While reading hymaster.tex, part of hyacc-cm, we find the following statement:

It is important to use version 3.xx of TeX, and a version 3.xx of plain.tex. The critical date is autumn 1989, and earlier material will be inadequate. In earlier versions of TeX, only one language can have hyphenation at a given moment --- usless one uses the "dirty trick" of John Hobby which permitted Desarmenian to distribute a French-English version of Plain format.

What was this "dirty trick" that, apparently, would allow us to use two sets of hyphenation patterns without adding a \newlanguage?

  • I think I saw it in the proceedings of a TeX conference, but unfortunately I don't have the book. I possibly misattributed the code. – egreg Sep 7 at 15:40
  • I already do a dirty trick to have three sets of hyphenation patterns in one file, for my latin|greek|cyrillic works; but that's trivial, since the alphabets don't intersect: the interesting problem is for a set of languages that share the same alphabet. That's why I'm asking. – texnezio Sep 7 at 18:34
  • @texnezio I think this question is only of historical interest right? Otherwise with \newlanguage one can have multiple hyphenation patterns and switch between them? – ShreevatsaR Sep 7 at 19:14
  • @texnezio As far as I remember the main part of the trick consisted in using uppercase letters for defining the patterns for one of the languages. – egreg Sep 7 at 19:25
  • It is partly historical, but massively theoretical: trying to understand the pragmatics of \patterns. – texnezio Sep 11 at 20:36

This is not an answer to this question.

The quote does not say when the “French–English version of Plain format” was distributed, but it must have been sometime before the autumn 1989 mentioned.

If you look at the TUGboat list by author, you'll find that Jacques Désarménien published an article in TUGboat issue 5:2, November 1984. The article is titled “How to Run in a French Environment: Hyphenation, Fonts, Typography”.

It describes a French version of Plain (not the combined French–English version described in the question). The short version seems to be that they defined a special font by adding ten accented characters (and guillemets) into non-ASCII positions, and called the resulting font “French Computer Modern” (see Appendix of the above). They defined macros \frm and \fit for roman and italic type in these fonts (alongside \rm and \it which continued to use the regular Computer Modern). Then they generated hyphenation patterns for French.

The article also mentions that further details on the hyphenation are described in a reference [d]:

J. DÉSARMÉNIEN, La division par ordinateur des mots français avec le logiciel TeX, preprint.

This seems to have been published a couple of years later as:

J. Désarménien, La division par ordinateur des mots français : application à TEX, in Technique et Science Informatiques, vol. 5, No 4, 1986 (pp. 251–265).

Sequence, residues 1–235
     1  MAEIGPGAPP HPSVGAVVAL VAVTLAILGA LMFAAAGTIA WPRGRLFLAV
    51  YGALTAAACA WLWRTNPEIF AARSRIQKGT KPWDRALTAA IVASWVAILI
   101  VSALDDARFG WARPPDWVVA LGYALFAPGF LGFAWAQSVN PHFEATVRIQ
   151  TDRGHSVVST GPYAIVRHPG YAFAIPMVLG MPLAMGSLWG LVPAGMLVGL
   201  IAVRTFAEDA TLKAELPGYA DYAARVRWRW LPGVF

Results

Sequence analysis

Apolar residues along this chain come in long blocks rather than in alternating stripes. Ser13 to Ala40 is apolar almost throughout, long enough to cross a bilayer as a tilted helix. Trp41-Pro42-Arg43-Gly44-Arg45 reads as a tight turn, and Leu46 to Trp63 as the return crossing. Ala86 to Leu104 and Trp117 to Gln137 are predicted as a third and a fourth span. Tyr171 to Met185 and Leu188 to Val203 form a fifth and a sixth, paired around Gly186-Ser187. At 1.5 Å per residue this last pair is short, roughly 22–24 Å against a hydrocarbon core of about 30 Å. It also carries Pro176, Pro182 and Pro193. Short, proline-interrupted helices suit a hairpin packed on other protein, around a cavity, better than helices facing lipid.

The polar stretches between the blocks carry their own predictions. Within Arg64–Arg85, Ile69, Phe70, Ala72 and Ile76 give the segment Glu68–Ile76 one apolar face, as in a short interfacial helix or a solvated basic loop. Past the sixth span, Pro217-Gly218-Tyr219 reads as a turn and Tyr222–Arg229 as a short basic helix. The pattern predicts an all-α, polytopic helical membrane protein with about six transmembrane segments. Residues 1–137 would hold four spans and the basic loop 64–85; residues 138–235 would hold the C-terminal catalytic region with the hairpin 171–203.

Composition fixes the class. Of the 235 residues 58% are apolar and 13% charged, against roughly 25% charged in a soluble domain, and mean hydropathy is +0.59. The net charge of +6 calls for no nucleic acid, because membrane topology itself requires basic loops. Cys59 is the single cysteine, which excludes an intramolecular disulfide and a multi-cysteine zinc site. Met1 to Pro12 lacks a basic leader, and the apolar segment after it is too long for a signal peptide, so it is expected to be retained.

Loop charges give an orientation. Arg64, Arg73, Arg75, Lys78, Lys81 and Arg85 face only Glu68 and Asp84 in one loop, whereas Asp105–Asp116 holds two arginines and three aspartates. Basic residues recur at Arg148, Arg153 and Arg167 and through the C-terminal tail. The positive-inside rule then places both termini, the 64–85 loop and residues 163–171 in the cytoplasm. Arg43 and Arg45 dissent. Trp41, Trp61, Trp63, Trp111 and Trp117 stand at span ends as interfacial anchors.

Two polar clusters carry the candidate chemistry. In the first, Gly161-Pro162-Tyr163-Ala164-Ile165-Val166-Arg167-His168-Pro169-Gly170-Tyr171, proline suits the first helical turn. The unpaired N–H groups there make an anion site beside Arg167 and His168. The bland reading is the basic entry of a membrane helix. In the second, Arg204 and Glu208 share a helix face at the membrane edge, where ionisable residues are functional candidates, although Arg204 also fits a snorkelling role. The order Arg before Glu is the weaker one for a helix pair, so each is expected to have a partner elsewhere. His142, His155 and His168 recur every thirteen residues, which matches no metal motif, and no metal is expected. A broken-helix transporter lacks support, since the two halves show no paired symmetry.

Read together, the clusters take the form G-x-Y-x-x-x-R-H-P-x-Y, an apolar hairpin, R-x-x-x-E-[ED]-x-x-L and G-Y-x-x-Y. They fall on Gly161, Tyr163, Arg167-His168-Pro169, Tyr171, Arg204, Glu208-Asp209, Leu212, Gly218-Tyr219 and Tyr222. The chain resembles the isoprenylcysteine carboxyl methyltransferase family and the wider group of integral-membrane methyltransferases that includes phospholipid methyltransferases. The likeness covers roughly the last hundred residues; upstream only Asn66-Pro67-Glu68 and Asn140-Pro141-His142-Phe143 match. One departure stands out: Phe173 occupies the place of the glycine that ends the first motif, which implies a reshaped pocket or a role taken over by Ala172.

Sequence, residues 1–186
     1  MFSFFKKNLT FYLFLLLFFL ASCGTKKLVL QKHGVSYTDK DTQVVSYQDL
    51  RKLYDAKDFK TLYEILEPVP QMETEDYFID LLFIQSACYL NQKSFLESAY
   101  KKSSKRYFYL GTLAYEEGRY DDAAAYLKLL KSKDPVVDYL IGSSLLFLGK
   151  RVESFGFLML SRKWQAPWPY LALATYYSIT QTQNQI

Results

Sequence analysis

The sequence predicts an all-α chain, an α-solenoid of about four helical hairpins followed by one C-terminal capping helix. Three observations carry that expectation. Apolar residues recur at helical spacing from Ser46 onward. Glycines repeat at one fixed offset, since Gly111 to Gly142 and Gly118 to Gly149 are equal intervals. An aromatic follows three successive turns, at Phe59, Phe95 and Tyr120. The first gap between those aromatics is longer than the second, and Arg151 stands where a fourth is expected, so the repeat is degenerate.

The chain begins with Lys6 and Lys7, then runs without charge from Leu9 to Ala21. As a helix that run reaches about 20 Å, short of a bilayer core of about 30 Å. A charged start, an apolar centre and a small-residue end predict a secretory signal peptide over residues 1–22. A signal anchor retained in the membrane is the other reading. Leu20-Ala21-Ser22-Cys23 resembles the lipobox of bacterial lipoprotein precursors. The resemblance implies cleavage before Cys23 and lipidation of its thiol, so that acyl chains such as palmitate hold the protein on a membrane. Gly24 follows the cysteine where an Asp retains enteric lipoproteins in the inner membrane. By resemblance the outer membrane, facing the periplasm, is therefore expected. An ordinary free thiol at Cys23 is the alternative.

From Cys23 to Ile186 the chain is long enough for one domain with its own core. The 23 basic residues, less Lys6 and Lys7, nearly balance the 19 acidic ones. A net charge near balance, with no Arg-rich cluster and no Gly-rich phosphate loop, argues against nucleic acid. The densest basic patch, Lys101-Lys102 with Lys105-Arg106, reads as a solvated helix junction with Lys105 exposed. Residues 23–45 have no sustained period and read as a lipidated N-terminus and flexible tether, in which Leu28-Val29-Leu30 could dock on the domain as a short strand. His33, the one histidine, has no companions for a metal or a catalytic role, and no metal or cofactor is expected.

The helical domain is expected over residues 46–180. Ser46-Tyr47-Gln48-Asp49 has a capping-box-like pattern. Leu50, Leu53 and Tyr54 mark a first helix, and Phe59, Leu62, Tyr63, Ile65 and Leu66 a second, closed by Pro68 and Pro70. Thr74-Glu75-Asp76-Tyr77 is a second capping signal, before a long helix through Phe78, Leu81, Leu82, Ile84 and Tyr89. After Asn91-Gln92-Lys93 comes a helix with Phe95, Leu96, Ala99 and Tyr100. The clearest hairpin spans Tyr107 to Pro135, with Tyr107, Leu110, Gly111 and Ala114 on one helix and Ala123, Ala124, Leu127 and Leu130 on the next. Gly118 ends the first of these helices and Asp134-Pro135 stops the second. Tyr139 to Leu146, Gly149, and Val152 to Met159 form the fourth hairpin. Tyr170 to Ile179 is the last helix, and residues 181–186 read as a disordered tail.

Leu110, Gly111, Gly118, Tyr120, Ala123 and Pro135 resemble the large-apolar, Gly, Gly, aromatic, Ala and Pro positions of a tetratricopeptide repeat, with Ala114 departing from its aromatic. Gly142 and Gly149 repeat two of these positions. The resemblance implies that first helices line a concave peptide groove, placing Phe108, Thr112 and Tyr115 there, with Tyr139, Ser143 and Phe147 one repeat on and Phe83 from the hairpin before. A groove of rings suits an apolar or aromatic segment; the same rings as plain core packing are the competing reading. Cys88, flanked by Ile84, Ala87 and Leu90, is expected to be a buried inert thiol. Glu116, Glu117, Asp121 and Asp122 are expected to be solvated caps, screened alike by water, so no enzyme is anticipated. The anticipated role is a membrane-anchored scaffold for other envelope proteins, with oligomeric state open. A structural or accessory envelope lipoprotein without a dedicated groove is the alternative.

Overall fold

(going by references here and here and elsewhere). Unfortunately I can't find this article online (and can't read French anyway) so this looks like a dead end for me. But maybe someone else will be able to find it or use the details to think of something.

So it appears (from the quote in the question) that sometime after this 1984 article, Désarménien came up with a combined French-English version, in which, in addition to the French hyphenation described above, English hyphenation continued to be available. Perhaps details are available in the 1986 paper.

(My theory: From the mention of John Hobby in the description, and some hints already present in the 1984 TUGboat article, it may have something to do with fonts. The TUGboat article mentions that an upcoming version of METAFONT would support 256 slots instead of 128, and the idea of putting another “copy” of the alphabet in the upper half (positions 128–255) of 256 available slots. Maybe this is what they did (even though TeX itself only supported 128 characters at the time), and somehow used English hyphenation in one half and French in another.)

  • I am aware of these works by Desarmenian, thanks. In fact, I think Mike Ferguson's MLTeX was at the time (and is still today) a far more elegant and general solution than the production of these ad hoc fonts for French typography; but that's mnsho. – texnezio Sep 7 at 20:13
  • @texnezio Ooh, does the second work give any hint about how it was done (the question you're asking)? Anyway it's not surprising that "dirty trick" and "elegant" would be somewhat mutually exclusive :-) – ShreevatsaR Sep 7 at 20:50
  • 1
    Found another clue: "Under TeX in version 2 there was the possibility of flushing out existing patterns at any moment and replacing them with new; these patterns could be arranged to serve two languages at once using a trick that Knuth attributes to J. Hobby (see early versions of The TeXbook)" -- from here. – ShreevatsaR Sep 9 at 16:52
  • Hobby is not mentioned in the index of the seventh printing (June 1986) of The TeXbook, so if the previous quote is correct it must refer to an even earlier version. – ShreevatsaR Sep 9 at 17:04
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    Indeed, Ferguson has a 1985 paper introducing the primitive \language, allowing several sets of hyphenation patterns; so, apparently, Hobby's trick was unnecessary from 1985 on, provided you added the primitive to your local TeX binary. – texnezio Sep 11 at 20:29

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